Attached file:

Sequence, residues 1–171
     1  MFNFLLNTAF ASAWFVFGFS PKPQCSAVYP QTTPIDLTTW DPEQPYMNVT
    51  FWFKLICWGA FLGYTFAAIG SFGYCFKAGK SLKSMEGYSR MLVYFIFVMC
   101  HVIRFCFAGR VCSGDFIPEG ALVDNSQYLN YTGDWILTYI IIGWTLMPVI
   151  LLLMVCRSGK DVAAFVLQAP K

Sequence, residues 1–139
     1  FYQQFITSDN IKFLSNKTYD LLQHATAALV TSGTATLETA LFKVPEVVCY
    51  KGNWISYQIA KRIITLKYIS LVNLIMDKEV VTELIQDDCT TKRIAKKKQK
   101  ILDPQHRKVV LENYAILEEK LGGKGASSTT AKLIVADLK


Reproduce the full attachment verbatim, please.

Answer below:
Sequence, residues 1–171
     1  MFNFLLNTAF ASAWFVFGFS PKPQCSAVYP QTTPIDLTTW DPEQPYMNVT
    51  FWFKLICWGA FLGYTFAAIG SFGYCFKAGK SLKSMEGYSR MLVYFIFVMC
   101  HVIRFCFAGR VCSGDFIPEG ALVDNSQYLN YTGDWILTYI IIGWTLMPVI
   151  LLLMVCRSGK DVAAFVLQAP K

Sequence, residues 1–139
     1  FYQQFITSDN IKFLSNKTYD LLQHATAALV TSGTATLETA LFKVPEVVCY
    51  KGNWISYQIA KRIITLKYIS LVNLIMDKEV VTELIQDDCT TKRIAKKKQK
   101  ILDPQHRKVV LENYAILEEK LGGKGASSTT AKLIVADLK